Apple’s Jade the pick of formidable Irish raiding party
Getabird and Footpad well-placed to strike for Grade One glory for Mullins
Apple’s Jade ridden by Bryan Cooper (right) beats Vroom Vroom Mag ridden by Paul Townend to win the OLBG Mares Hurdle at Cheltenham last year. Photograph: Dan Sheridan/Inpho
The English-trained Buveur D’Air is an overwhelming favourite to successfully defend his Champion Hurdle title but otherwise the start of Cheltenham 2018 looks set to underline Ireland’s unprecedented strength at jump racing’s greatest festival.
Buveur D’Air’s Champion Hurdle success a year ago didn’t prevent Irish-trained horses ultimately securing a scarcely believable 19 of the 28 races.
There has been 6-1 available about this year’s Irish raiding party breaking that record this week, odds that normally would feel like bookmaker PR but which amplify the sense that these are very abnormal times for Ireland’s raiding party.
For years Mullins has been the foundation of Irish fortunes, leading trainer five times on the back of a sustained run of success that leaves him just four shy of Nicky Henderson’s all-time record tally of 58 festival winners.
However Elliott’s emerging threat to Mullins’s dominance in Ireland transferred across the water last year and the outcome was six winners each with Elliott nicking the Leading Trainer Award on count-back of placed horses.
That award indicated how Irish fortunes now revolve around two training titans and both again arrive at Cheltenham with the sort of ammunition to make the home team quake.
Mullins’s favourites for the first two Grade One prizes may not be quite in the same league in terms of their ‘lock’ status.
But that pair look to dominate the chase while Getabird’s biggest threat could yet turn out to be Elliott’s Mengli Khan.
Since rivalry depends on well-matched sides it’s interesting to ponder how overwhelming dominance might impact on Cheltenham’s famed Anglo-Irish element. Having it too lop-sided is hardly good for anyone in the long run.
But such theory won’t stop most of the visitors making hay while they can, or at least as much hay as can be saved in the sort of sopping conditions that are awaiting this week.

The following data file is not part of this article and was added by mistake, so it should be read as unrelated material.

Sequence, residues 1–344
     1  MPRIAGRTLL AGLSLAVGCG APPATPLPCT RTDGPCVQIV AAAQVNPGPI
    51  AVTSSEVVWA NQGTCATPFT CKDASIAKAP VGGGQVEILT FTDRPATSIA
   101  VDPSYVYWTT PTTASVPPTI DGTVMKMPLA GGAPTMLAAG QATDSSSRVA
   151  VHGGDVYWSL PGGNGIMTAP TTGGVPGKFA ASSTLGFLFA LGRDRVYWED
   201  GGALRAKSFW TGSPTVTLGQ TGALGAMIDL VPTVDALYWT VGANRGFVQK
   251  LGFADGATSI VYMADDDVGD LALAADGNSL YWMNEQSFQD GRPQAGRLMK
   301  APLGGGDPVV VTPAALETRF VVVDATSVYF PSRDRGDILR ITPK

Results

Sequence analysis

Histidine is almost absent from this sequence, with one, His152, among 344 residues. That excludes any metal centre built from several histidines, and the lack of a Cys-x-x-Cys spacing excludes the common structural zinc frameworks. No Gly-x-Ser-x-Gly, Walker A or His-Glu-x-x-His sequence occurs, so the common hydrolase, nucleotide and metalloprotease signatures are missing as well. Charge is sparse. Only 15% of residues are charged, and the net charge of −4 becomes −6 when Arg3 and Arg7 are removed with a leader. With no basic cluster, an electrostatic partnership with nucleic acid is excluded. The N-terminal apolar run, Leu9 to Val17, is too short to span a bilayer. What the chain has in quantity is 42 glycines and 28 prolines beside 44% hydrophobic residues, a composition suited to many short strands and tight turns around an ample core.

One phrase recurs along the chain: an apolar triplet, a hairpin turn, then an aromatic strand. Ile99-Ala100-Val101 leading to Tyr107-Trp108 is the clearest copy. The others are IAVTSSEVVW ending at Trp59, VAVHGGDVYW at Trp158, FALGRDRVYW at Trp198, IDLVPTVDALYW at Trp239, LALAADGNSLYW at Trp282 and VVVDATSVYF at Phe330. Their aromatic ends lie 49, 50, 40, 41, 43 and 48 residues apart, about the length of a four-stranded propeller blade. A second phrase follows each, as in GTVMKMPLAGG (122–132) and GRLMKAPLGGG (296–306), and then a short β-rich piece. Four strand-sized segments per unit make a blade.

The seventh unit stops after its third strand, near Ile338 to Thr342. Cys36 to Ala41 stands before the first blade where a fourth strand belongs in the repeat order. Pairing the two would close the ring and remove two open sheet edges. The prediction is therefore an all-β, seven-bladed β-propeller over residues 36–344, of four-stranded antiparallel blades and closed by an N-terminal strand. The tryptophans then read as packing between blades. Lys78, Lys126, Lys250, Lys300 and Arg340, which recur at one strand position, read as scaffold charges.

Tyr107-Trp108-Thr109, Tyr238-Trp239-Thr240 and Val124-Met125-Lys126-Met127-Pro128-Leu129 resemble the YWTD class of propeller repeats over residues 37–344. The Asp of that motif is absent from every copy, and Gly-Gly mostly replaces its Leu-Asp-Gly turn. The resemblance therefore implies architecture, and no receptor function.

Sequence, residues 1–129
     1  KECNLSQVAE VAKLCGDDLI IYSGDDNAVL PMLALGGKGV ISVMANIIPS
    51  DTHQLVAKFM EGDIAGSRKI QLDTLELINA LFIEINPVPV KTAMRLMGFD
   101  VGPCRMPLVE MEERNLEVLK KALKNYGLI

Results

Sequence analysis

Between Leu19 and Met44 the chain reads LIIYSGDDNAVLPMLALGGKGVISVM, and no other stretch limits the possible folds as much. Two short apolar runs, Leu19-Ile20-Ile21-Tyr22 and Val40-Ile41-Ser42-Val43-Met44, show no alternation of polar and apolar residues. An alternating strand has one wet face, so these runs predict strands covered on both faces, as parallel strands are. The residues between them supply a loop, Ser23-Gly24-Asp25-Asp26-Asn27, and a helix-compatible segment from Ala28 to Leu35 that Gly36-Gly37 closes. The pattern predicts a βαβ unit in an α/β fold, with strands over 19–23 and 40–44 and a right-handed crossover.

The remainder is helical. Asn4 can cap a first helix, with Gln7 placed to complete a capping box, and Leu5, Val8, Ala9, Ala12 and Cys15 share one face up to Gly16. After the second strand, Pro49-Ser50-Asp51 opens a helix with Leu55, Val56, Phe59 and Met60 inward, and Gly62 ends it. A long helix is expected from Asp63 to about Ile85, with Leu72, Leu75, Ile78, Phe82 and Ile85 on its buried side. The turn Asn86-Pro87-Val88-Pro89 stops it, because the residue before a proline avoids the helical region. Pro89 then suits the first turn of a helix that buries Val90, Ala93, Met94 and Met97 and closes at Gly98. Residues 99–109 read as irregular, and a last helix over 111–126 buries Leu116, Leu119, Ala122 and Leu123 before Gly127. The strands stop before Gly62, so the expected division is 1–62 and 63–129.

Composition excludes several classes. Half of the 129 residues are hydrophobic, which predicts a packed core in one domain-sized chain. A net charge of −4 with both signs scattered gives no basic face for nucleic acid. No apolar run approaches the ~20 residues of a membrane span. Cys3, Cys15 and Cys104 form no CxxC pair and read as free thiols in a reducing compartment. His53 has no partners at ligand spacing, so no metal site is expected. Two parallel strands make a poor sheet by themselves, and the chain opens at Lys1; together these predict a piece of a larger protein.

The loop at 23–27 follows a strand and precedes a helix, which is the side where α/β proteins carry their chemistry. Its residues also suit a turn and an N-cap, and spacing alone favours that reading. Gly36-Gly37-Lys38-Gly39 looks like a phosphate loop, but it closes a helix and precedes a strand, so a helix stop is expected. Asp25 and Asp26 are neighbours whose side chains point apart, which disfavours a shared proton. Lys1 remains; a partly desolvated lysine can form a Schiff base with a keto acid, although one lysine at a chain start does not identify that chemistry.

Of course that’s the sort of presumption that usually gets kicked out of the way at Cheltenham and bruised pride since last year could well see the home team bounce back with a vengeance.
In fact perhaps the most fascinating factor in teasing out each race will be ground conditions more testing than have been seen in decades.
It had become almost an article of faith that Cheltenham starts on perfect ‘good to soft’ National Hunt going. In terms of immediate form calculation, and possibly even back as far back as young talent originally being purchased, that article will have been widely presumed.
This however promises to be the sort of gruelling stamina test we’ve got used to all winter. The cliché is that Irish-based horses are used to running in bogs. The reality is that most of Ireland’s elite performers are anticipated to step up significantly on a sounder surface.
So whether a winter spent competing in races in Britain which are generally run at a faster tempo will ultimately work out to be in the home team’s favour remains to be seen.
But a dour stayer like La Bague Au Roi now looks to have a better chance of upsetting Apple’s Jade than she did before.
Heavy going should also work in Saint Calvados’ favour as he takes on both Footpad and Petit Mouchoir in the Arkle. Getabird and his seven compatriots in the Supreme will also have to get the better of a hardened handicap winner in Kalashnikov.
As for the two handicaps, any long-term planning based on decent ground will be mostly redundant while the prospect of four miles in the National Hunt Chase will test resolve to the max.
Ms Parfois at least has to carry less weight in the marathon test than her male rivals. She also boasts good form on soft going and might have been attempting a mission-impossible on her last start at Ascot when chasing home Britain’s prime RSA hope, Black Corton.
Irish racing’s big guns are all represented in the concluding novices handicap chase although Barney Dwan could be a formidable opponent. Runner-up to Presenting Percy in last year’s Pertemps, Barney Dwan has won his last two and crucially also has winning form over hurdles on heavy ground.
No Irish line up for the Ultima Handicap Chase. Venetia Williams is a trainer well known for managing to make hay with her horses on winter ground. If her hope, Yala Enki, has recovered from a gruelling win at Haydock last month he could make his bottomless stamina tell again.
In terms of the Grade One prizes though it can be business as has become usual for the raiders – Getabird and Footpad for Mullins; Apple’s Jade for Elliott.